Monday, January 31, 2011

Oscar Films and The Books That Inspired Them

It's pretty common literary cliché that the book is always better than the movie. But, unless Eric Bana's starring, that certainly doesn't mean all movies based on books are inherently bad, does it? After I saw True Grit a few weeks ago — a movie marketed not as a remake of the 1969 John Wayne film, but as a film the Coens based on the 1968 novel (a small but important distinction) — I started wondering just how many really good films are based on books. Let's say we use the Academy Award nominees for Best Picture as our definition of "really good films" and take a look at the last five years of Best Picture noms. 

This year, for instance, four of the 10 Best Picture nods are based on books: Two on novels — Winter's Bone (Daniel Woodrell) and True Grit (Charles Portis) and two on non-fiction books — The Social Network (Ben Mezrich, The Accidental Billionaires) and 127 Hours (Aron Ralston, Between A Rock and A Hard Place).

Last year, also four of the 10 were based on books: Two on novels — Up In The Air (Walter Kirn), and Precious (Push, by Sapphire), and two on non-fiction — The Blind Side (Michael Lewis) and An Education (memoir by Lynn Barber).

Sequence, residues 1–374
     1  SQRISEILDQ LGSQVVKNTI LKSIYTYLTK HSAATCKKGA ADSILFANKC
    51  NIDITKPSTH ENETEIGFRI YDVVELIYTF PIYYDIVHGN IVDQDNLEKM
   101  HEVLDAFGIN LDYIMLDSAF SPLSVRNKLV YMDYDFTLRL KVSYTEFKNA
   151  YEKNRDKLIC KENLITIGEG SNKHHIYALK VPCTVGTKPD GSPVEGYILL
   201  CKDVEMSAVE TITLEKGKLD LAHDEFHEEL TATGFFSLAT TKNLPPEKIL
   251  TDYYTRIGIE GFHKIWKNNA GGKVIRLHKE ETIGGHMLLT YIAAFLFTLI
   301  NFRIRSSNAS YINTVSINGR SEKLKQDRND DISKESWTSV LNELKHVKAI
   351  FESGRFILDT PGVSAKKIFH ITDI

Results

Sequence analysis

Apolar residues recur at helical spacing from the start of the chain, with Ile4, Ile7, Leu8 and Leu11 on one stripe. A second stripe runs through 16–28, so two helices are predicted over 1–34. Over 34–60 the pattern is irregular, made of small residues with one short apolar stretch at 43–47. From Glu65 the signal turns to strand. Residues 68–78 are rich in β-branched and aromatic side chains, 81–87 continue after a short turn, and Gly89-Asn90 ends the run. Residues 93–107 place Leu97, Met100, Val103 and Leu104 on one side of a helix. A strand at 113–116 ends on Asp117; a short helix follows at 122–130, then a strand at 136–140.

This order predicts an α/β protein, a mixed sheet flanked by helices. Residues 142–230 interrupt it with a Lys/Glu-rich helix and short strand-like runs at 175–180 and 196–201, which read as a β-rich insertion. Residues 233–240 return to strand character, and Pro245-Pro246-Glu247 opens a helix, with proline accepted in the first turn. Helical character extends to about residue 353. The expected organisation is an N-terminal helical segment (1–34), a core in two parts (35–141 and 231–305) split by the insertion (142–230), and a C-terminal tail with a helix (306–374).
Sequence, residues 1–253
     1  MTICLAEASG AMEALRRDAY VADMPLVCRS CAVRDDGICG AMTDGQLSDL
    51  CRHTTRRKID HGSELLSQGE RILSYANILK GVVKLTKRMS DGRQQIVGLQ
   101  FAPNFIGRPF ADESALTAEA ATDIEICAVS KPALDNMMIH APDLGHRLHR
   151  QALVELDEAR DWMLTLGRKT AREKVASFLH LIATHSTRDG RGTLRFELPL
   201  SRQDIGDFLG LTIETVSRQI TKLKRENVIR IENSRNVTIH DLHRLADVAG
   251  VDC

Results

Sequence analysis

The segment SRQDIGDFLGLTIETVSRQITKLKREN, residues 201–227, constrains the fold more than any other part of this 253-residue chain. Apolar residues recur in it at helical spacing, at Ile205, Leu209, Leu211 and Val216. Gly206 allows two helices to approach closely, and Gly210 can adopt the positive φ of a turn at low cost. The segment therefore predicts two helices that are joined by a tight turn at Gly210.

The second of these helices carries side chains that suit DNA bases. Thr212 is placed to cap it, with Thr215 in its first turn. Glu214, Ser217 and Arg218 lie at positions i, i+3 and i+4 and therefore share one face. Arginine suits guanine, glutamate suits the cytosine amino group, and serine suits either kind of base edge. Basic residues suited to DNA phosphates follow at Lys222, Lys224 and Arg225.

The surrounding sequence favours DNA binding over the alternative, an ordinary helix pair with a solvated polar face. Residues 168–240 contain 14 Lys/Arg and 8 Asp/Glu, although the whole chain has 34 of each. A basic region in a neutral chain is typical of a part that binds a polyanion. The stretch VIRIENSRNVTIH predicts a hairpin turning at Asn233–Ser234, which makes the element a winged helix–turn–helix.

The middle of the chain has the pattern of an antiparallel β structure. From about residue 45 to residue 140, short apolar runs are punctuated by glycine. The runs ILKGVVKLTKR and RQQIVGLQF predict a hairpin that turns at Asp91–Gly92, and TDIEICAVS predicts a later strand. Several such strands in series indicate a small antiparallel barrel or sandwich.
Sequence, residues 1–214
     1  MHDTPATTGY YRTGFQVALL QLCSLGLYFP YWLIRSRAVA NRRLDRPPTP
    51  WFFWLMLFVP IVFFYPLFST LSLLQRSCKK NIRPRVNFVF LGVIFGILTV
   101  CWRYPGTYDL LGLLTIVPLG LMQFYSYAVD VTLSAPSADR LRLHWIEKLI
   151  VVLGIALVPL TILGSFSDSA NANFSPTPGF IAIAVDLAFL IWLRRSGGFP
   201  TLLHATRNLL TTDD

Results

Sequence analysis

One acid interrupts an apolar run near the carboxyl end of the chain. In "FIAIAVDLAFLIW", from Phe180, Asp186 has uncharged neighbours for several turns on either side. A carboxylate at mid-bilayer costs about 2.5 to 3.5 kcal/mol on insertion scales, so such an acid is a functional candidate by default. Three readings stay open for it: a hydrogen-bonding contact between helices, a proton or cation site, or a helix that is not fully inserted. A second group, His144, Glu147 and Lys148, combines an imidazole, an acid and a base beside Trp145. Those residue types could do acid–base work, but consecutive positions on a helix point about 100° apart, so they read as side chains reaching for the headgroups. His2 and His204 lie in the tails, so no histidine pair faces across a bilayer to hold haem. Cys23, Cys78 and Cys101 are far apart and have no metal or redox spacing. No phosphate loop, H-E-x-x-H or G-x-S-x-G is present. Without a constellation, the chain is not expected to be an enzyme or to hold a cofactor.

In 2009, four of the five Best Picture films were based on books (I'll loosely interpret "books" to include plays so we can count Frost/Nixon): The Curious Case of Benjamin Button is based on an F. Scott Fitzgerald short story. Slumdog Millionaire (the winner) is based on the novel Q&A by Indian writer Vikas Swarup. The Reader is based on a novel of the same name by Bernhard Schlaik and Frost/Nixon is based on a play by Peter Morgan. The only Oscar-nominated Best Picture film not based on a book in 2009 is Milk.

In 2008, three of the five are based on novels: Atonement (Ian McEwan), the winner No Country for Old Men (Cormac McCarthy) and There Will Be Blood ("loosely based" [whatever that means] on Upton Sinclair's novel Oil!). Juno and Michael Clayton were original screenplays.